Posted in math, Spirited Blessings

Playing and Learning With Straws

One of my favorite activities this week was one I chose to do with Raspberry Bug.


First, we started with brightly colored straws and a pair of safety scissors. We had fun as I guided her hand (she’s only two and a half and can’t do it on her own yet) and cut the straws into smaller pieces. It was funny; she giggled as the pieces hit the small bowl. At first, they were all closed up on the ends from being pinched by scissors. As they opened up, they “popped” and some flew rather far. An unexpected surprise, even for me!

Next, I pulled a shoestring out and showed her how to lace the “beads” we made on to make jewelry.


She had a great deal of focus and concentration on this one. I think it’s the first time she’s succeeded at being able to fit beads on all by herself. She put quite a few on before I could tell she was getting a bit restless with this activity.

Time to move to the next thing!

I added matching dot stickers to a paper plate (I used a sharpie for the black dot) and added a very small measuring spoon to the bowl.


I then let her go at the sorting. From the get-go, she was just thrilled to be spooning the straws, and I had to focus her attention on the colors frequently. I just kept asking things like,” What color is the dot?”, and “Does that bead match?” She did this activity the longest. That probably had to do with the fact that I used dot stickers. She is absolutely in love with them!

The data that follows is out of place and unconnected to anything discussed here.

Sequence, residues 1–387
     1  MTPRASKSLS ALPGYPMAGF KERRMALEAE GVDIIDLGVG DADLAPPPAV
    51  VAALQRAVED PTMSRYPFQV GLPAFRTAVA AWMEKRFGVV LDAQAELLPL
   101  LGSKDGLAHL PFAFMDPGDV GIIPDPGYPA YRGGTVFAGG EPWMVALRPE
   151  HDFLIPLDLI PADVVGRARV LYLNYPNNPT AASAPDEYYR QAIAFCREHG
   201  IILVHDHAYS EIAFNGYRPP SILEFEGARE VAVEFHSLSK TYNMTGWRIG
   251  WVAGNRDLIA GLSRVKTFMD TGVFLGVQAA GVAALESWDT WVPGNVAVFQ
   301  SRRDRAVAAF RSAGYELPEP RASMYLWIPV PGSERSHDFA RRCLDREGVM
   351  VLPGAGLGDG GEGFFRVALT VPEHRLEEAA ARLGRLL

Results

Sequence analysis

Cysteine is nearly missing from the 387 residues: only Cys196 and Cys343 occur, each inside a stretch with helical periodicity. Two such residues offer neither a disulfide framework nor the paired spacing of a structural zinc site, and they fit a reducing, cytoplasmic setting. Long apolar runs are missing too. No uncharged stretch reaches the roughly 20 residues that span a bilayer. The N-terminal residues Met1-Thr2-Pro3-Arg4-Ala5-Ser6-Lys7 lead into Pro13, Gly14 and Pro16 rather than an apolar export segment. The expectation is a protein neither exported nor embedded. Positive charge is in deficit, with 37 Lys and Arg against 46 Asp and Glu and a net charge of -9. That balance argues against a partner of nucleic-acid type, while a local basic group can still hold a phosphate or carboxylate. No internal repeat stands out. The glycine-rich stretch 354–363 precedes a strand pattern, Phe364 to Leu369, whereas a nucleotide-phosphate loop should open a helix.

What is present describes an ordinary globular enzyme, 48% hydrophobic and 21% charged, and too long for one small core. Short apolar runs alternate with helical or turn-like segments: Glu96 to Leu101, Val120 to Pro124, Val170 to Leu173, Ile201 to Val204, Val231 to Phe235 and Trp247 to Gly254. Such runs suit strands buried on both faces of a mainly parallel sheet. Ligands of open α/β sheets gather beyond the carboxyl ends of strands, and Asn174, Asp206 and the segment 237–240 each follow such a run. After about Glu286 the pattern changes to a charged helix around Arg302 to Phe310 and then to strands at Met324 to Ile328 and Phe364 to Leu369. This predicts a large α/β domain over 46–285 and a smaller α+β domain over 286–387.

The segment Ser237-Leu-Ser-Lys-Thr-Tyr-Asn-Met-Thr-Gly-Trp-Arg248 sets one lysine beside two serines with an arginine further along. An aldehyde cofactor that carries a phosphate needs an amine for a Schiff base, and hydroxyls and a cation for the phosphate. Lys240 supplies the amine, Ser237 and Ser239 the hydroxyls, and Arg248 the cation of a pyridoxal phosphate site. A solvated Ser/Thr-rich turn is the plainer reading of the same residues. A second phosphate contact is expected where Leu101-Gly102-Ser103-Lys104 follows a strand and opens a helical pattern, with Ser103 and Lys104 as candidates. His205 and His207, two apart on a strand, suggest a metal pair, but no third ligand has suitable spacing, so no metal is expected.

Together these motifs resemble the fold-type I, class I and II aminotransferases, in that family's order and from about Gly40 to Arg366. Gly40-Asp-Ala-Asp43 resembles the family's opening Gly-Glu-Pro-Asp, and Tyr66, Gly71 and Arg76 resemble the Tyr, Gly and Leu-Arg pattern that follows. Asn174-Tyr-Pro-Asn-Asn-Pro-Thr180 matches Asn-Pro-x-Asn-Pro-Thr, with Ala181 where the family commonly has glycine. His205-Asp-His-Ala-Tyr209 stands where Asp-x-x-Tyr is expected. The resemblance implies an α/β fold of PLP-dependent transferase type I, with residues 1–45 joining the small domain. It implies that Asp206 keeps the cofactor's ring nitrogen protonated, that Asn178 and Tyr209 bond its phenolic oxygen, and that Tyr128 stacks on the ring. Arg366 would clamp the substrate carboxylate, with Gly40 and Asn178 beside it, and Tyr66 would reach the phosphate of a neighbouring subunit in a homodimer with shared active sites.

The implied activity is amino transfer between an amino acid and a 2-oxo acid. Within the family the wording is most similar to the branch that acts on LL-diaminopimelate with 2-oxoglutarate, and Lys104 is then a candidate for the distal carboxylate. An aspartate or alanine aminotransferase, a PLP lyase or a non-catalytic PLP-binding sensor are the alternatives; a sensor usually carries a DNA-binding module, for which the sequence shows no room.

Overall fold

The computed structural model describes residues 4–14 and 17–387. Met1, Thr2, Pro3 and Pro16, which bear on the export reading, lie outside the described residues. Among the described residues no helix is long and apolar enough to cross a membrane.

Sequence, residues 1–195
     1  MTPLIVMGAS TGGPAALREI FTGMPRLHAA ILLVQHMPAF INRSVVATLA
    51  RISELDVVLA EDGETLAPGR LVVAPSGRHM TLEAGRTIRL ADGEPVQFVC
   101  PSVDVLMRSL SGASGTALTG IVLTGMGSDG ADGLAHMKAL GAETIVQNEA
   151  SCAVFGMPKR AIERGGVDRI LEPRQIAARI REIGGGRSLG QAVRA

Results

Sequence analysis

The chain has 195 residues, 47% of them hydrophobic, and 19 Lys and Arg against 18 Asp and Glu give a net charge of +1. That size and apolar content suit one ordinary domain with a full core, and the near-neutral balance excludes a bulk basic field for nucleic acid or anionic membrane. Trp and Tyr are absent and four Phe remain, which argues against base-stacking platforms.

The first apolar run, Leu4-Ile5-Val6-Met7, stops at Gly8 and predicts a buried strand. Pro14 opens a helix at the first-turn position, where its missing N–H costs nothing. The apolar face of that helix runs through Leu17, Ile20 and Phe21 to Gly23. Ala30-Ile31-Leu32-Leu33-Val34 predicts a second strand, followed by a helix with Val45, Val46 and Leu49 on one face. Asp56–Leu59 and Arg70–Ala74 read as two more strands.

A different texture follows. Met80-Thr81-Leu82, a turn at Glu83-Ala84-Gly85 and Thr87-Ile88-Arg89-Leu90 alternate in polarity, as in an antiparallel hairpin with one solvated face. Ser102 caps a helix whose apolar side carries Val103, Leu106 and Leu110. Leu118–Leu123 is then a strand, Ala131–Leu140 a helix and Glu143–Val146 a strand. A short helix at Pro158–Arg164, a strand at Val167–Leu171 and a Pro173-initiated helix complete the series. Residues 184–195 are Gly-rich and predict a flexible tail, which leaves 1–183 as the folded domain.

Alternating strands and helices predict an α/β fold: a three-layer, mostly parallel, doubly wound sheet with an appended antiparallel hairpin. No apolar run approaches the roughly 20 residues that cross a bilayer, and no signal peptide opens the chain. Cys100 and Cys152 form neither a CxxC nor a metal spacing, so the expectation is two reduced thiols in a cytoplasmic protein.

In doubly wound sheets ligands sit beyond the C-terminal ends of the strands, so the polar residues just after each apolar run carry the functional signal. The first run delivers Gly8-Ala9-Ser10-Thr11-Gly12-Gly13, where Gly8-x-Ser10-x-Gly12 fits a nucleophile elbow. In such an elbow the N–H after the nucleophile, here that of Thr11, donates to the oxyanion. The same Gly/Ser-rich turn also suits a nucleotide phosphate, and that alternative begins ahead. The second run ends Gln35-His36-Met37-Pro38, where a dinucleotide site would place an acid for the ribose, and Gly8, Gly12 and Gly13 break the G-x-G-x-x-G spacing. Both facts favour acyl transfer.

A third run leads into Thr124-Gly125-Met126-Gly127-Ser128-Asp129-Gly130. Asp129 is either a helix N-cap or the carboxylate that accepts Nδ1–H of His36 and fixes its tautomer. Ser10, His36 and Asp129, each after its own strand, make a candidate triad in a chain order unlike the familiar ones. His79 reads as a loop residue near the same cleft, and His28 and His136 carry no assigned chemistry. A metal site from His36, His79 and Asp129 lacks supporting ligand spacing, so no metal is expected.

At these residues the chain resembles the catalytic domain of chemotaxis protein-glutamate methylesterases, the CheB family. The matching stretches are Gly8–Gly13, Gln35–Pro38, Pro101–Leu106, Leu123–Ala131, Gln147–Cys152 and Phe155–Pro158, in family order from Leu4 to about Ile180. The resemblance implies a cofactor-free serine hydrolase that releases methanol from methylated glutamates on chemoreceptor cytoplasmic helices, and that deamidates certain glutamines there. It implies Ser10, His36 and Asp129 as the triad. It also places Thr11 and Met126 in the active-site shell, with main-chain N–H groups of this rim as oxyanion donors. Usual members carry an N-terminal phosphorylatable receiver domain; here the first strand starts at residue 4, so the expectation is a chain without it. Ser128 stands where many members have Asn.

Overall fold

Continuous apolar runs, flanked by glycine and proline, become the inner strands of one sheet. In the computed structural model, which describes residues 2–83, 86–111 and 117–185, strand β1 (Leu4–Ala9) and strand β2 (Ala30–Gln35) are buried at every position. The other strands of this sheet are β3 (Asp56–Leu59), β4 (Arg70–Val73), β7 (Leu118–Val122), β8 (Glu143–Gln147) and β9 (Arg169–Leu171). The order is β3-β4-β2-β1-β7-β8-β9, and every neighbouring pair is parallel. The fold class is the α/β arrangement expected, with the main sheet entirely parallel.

As I said before, Red is only two years old, and we were mainly focusing on color recognition and on on fine motor development, but this activity could be turned into a large selection of games and a wide variety of expertise. Here are some more ideas:

  • Cut the straws into different sizes and use for size sequencing and sorting
  • You could use them to count or even as adding, subtracting, or greater than and less than visuals.
  • Use them as an “on a dime” version of counting blocks by cutting them into three different sizes. This will allow them to be used for the ones, tens, and fives place.
  • Use the different colors or sizes for practicing patterns.
  • Get creative, and see what kind of pictures you can make.

Have you used straws for learning? If you have another idea, I’d love to read about it!

This post has been featured on:

No Time For Flashcards

And on:

Alternate Tutelage

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